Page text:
Thursday, 29 July 2021 | In Focus

It is a busy pre-season friendly period but like many Bees fans BU Contributing Editor Greville Waterman only has eyes for Brentford v Arsenal on 13th August.  
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There is always a sense of anticipation before the start of a new football season but none more so this year as we eagerly and impatiently look forward to Brentford’s first season in the top flight since there was a king on the throne – or 74 years, to be more precise.

August 13th – the day we have been looking forward to and dreaming about since the end of May – is fast approaching and for my part, I can hardly wait.

It will be the first day of what I fully expect to be the most momentous, important and exciting season I can remember since I first started supporting Brentford way back in 1965.

Watching Brentford play in the Premier League for me is something that, to be quite frank, I never expected to see in my lifetime – or even those of my descendants, and is the reward for all those freezing days in midwinter with the icy wind chilling my bones, watching and groaning as inept journeymen like Eddie Hutchinson, Jide Olugbodi, Paul McCullough, Clyde Wijnhard and Fola Onibuje stuttered and fumbled their way to inevitable defeat.

This season in the sun will hopefully be the start of many, and is payback time for those nine Playoff failures and pathetic capitulations at places like Cheltenham, Peterborough and Macclesfield – grounds that we fervently hope with fingers and toes crossed never to have to visit again.

This season makes up for all the smug comments I have had to endure over the years from all my patronising Premier League supporting friends and workmates who are slowly and reluctantly beginning to understand that there is something special happening at Brentford which has led to us rising from the bottom of the Pyramid to the top in a mere 12 years.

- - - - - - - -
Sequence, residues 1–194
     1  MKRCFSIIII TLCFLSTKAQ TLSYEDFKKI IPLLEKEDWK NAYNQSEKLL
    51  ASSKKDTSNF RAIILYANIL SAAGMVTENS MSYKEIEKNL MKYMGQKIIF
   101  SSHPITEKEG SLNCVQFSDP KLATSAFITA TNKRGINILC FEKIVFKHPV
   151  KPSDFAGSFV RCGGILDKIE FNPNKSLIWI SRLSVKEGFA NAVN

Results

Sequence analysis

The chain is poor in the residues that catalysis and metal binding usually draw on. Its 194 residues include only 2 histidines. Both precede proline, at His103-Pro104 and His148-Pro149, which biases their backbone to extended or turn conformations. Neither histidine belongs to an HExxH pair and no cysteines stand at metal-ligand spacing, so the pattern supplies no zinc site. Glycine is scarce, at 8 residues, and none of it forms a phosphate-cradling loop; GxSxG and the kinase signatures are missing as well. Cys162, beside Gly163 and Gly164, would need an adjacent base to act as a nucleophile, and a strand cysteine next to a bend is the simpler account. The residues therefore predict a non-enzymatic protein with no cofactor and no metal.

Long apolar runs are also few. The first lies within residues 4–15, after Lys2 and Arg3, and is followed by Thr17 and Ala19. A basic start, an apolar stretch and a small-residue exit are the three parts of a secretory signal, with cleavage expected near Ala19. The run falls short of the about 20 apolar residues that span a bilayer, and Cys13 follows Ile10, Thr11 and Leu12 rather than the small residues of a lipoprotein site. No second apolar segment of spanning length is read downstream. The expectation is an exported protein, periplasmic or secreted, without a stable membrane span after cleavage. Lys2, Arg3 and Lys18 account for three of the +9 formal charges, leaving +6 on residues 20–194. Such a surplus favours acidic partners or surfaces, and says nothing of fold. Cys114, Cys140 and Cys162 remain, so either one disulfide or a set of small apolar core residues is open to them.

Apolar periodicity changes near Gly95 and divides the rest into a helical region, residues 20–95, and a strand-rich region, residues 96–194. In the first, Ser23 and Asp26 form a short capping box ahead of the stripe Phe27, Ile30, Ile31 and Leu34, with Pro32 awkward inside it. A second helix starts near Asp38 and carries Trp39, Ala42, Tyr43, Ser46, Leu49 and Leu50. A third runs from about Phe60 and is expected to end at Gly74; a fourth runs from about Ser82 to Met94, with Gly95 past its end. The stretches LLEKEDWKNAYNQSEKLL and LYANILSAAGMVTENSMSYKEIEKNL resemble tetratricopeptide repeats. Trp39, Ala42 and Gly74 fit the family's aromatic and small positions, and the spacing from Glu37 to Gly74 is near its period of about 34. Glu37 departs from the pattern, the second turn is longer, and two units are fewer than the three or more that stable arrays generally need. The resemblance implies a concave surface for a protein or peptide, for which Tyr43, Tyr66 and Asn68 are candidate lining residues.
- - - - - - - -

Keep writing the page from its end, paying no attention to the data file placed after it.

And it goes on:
August 13th is the day we take our first step along the road to what we hope and pray, will be the first of many seasons in the Premier League

Whether it eventually turns out that we are good enough or not to meet the challenges ahead, one thing that we can be assured of is that we will be ready for what awaits us.

Our preparation has been sharp, focused and committed – we would expect nothing less from Brentford.

The new players are bedding into the squad which is strong and of a depth and strength unsurpassed almost in living memory.

Our transfer record fee has already been smashed twice in a week with the arrival of players of a quality even beyond what we have come to expect in recent years, with the likelihood of more to come.

Our future is also assured with the recruitment of players for the B Team with massive pedigree and potential exemplified when they outclassed an almost full-strength Cambridge United recently. 

Young players of promise are beating their path to our doors as they understand the pathway that exists for them with us.

We have also for the first time I can remember since promotion to the Championship in 2014 not sold a star player in the close season

For our part as supporters, we are also relishing the prospect of being part of sell-out crowds at our magnificent new Brentford Community Stadium and getting back into the habit of going to football matches again after far too long an interval.

There is a feeling of almost palpable excitement and anticipation in the air.